e_p12_street_photoCommissioned by the Vancouver Art Gallery (VAG), Ovoidism is a 2016 work located at the former site of Vancouver’s old bus depot, west of the Canadian Forces Beatty Street Drill Hall and east of the Queen Elizabeth Theatre. This is the area where the VAG hopes to relocate. The Coast Salish Dancers in this photo are celebrating the opening of Ovoidism on September 22, 2016.

The ovoid, a classic form in Northwest Coast Aboriginal art, is a central component in artist Lawrence Paul Yuxweluptun’s work. Displayed in various sizes, his colourful ovoids grace various entrances of the current parking lot with several arranged in the parking lot itself. They are painted in the primary colours we often see employed in Northwest Coast art: black, red, blue, green, yellow, orange. The ovoid shape can represent heads, eyes, joints, wings, tails or fins. In Ovoidism, Yuxweluptun has chosen to isolate the ovoid shape by placing it alone or ovelapping with others but not directly suggesting a particular representation of a face or body part. He feels his isolated ovoids allow him to exercise freedom from the formal criteria in which native art is judged and also serve as a way to invade Western modernism.

A huge theme of Yuxweluptun’s is the unceded territory of the Coast Salish peoples. His current show at the Museum of Anthropology (MOA)is titled: Unceded Territories. Of Coast Salish/Okanagan background, he is a modern day warrior using his art to powerfully express the historical and current injustices to his people, be it land rights, environmental disasters, or racist attitudes. He describes his paintings as Visionism, a neo-surrealistic vision rooted in ancient Coast Salish knowledge.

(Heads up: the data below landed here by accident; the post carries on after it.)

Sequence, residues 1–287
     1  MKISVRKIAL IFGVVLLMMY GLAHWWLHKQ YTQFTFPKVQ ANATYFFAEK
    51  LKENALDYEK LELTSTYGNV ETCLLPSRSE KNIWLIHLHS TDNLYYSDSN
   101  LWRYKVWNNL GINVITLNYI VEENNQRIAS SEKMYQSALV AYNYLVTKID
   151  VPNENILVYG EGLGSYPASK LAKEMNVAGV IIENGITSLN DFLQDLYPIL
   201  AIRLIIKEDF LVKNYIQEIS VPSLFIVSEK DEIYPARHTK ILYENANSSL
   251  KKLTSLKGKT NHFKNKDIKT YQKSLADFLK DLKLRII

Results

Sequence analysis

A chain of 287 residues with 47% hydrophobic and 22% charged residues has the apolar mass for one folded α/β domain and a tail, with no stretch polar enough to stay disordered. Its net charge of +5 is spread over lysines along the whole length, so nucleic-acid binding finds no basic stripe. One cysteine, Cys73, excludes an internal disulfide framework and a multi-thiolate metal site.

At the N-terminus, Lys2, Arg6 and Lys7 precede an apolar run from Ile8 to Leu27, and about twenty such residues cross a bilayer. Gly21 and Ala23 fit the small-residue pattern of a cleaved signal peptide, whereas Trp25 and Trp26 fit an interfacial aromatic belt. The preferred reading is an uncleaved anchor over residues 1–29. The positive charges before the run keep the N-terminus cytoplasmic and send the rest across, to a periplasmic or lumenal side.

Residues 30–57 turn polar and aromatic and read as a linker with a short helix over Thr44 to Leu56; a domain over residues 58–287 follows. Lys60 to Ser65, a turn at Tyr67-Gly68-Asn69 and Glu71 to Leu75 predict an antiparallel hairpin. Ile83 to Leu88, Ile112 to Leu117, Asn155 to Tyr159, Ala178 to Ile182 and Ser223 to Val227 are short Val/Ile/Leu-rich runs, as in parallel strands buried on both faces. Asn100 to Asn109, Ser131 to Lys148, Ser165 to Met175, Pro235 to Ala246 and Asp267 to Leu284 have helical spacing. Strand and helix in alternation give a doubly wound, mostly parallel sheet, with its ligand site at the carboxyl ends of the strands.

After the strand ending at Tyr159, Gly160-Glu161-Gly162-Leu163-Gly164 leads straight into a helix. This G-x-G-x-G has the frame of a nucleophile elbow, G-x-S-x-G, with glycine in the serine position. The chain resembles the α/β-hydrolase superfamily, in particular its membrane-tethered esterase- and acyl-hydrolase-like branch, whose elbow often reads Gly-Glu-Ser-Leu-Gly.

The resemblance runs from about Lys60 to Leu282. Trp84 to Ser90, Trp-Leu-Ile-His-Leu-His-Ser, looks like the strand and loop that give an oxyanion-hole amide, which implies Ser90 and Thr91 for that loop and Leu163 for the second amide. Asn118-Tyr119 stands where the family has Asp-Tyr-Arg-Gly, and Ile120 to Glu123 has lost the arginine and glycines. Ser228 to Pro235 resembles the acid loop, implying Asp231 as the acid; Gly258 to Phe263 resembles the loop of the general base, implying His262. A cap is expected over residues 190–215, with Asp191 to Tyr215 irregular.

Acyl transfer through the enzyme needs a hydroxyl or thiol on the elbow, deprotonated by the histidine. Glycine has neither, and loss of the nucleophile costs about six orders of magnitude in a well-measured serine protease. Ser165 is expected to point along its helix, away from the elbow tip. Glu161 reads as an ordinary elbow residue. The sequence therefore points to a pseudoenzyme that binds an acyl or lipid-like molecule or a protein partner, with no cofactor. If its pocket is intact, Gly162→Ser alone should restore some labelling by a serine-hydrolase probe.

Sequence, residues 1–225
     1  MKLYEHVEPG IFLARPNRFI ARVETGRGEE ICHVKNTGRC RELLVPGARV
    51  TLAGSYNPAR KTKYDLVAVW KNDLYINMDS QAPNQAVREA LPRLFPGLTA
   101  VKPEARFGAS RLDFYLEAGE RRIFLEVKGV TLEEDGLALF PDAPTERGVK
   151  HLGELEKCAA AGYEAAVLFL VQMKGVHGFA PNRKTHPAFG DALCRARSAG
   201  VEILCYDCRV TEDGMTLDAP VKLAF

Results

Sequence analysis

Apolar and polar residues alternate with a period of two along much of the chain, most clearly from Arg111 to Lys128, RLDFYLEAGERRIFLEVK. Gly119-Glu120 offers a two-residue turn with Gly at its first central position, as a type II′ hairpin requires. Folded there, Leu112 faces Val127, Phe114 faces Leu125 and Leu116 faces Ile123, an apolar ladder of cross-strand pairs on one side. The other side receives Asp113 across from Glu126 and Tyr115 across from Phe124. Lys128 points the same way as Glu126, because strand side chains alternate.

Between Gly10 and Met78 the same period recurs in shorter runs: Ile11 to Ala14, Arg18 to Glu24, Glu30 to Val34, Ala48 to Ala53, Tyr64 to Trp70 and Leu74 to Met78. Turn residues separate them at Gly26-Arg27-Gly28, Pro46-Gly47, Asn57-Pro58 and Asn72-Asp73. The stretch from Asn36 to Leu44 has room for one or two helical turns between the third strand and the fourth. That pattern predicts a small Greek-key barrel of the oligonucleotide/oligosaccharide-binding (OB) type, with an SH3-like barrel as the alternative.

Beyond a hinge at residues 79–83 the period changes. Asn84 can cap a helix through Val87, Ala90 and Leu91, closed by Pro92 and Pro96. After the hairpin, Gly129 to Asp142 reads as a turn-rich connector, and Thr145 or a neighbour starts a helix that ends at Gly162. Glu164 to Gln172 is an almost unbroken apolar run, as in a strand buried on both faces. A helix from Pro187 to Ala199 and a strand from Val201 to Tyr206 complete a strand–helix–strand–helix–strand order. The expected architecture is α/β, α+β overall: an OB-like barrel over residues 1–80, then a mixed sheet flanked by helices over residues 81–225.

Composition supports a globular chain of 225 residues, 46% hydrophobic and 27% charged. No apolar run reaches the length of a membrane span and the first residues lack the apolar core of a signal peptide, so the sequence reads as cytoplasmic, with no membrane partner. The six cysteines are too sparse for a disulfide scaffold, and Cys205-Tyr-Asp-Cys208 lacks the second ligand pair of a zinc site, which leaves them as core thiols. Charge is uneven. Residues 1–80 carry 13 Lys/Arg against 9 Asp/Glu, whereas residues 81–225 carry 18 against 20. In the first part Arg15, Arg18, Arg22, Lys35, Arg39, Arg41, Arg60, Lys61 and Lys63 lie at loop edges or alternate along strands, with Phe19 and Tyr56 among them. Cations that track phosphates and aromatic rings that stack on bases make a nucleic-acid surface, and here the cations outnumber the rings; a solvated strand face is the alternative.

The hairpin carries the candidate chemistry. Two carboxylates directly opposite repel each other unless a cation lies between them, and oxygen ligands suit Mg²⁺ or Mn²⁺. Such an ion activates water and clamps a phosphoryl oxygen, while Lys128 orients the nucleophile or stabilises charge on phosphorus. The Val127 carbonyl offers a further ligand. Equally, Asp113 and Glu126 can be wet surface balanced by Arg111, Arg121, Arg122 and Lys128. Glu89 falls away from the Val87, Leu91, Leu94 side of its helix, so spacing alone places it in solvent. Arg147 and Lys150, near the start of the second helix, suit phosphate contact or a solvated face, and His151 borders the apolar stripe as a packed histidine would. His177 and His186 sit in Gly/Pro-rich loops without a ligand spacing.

His trees, rivers and mountains are animated with spirit beings painted in vivid colours. Many of his figures are almost skeletal, and robotic appearing when their joints are formed by traditional ovoid forms. It lends an eerie and powerful aspect to these beings. His paintings also depict and satirize politicians and corporate leaders using human figures with heads shaped by Aboriginal forms. Yuxweluptun sees them as environmental terrorists despoiling the land and suffocating the Aboriginal way of life; all of this occurring on territory that has never been ceded, i.e., land that was never surrendered, relinquished or handed over in any way by Aboriginal people, which is in fact most of BC. This has great implications for issues like pipelines and tanker traffic when passing through unceded territory, especially with little or no consultation with Aboriginal people.

Perhaps most poignant of his work at MOA is an installation entitled: Residential School Dirty Laundry. It is composed of underware briefs in the shape of a cross. There is blood at the places where the nails on the cross would have been. It speaks to the sacrifice and sexual exploitation of native children in residential schools.

Considering all of the above, the ovoid forms at the site of Ovoidism, may serve as eyes or observers on this unceded territory. From the 1880s to 1943, the site served as a sports ground, a place for rallies and the drilling ground for the Beatty Street Drill Hall. During this time it was known as Cambie Grounds and later Larwill Park after the owner of a shack who helped store sports equipment for the players. After 1943, it served as a bus depot till 1993. It has basically served as a parking lot since 1993 with the exceptional use as a temporary venue for the 2010 Olympics. Cars were set on fire there during the 2011 Stanley Cup riot. The city has now designated two thirds of the lot for the new VAG, the rest set aside for development.

The ovoids are a way for Yuxweluptun to muse on the past, present and future happenings at the site and to remind us all that this is the unceded territory of the Coast Salish people.


Unceded Territories is at MOA unitl Oct. 16. Ovoidism is on display till September, 2017.